A group of London's universities are launching a new collaboration – OpenSME – that seeks to make it easier for small and medium-sized enterprises (SMEs) to access the expertise and knowledge they offer.
UCLB patented technology used to develop a potential new treatment for Corneal Surface Disease
14 February 2012
Researchers at UCL have made a significant advance towards developing a treatment for Corneal Surface Disease, using RAFTTM; a UCLB patented technology licensed to Tap Biosystems.
The development was led by Professor Robert Brown at UCL's Tissue Repair and Engineering Centre (TREC) and Professor Julie Daniels at the UCL's Institute of Ophthalmology, in collaboration with TAP Biosystems and funding from the Technology Strategy Board.
Professor Daniels used an innovative method of synthetic tissue production, known as RAFTTM, which uses collagen to create corneal tissue; closely mimicking that of actual human cornea. It has the potential to significantly improve the success rates of cornea repair surgery and will allow people with corneal surface disease to have replacements without waiting for eye donors.
The patented RAFTTM technology has previously been used to create a wide range of different artificial human tissues. This is the first time it has successfully been used to mimic that of human cornea tissue.
"This project has advanced our understanding of what is required to engineer a tissue in the laboratory for patient transplantation," explains Julie Daniels, Professor of Regenerative Medicine and Cellular Therapy at the Institute of Ophthalmology. "It's exciting because it provides a real prospect for treating patients with blinding corneal surface disease, using a stem cell populated tissue equivalent that is simply, quickly and reproducibly prepared."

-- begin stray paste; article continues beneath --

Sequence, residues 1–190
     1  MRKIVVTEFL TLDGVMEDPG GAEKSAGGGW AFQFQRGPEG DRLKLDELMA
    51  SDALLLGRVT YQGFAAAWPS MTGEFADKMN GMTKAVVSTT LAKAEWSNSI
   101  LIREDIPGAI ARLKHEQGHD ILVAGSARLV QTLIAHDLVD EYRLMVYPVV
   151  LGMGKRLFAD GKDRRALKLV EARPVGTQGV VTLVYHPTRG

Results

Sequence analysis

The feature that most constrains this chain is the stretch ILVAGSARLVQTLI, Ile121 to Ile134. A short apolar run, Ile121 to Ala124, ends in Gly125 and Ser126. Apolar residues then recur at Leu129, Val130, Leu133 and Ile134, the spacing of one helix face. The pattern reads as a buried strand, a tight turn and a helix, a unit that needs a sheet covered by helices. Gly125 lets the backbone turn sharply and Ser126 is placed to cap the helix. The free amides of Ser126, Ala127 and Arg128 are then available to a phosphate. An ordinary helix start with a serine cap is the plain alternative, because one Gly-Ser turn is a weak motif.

Dr Rachel Hemsley, Senior Business Manager at UCLB said "This project is an exciting contribution of disciplines bringing together regenerative medicine and tissue engineering with the aim of meeting a key medical need of restoring sight to patients. This advance has arisen through the long standing relationship between IoO at UCL, UCLB and Tap Biosystems".
Image:stem cell colonies that have been stained with a dye to make them visible.
UCLB is a leading technology transfer company that supports and commercialises research and innovations arising from UCL, one of the UK's top research-led universities.
UCLB has a successful track record and a strong reputation for identifying and protecting promising new technologies and innovations from UCL academics. It invests directly in development projects to maximise the potential of the research and manages the commercialisation process of technologies from the laboratory to market.
UCLB supports UCL's Grand Challenges of increasing UCL's positive impact on and contribution to Global Health, Sustainable Cities, Intercultural Interaction and Human Wellbeing.
For further information, please visit www.uclb.com
About Tap Biosytems
TAP Biosystems (formerly The Automation Partnership) provides advanced automation systems and services to improve productivity in life science research, development and production.
For further information, please visit www.tapbiosystems.com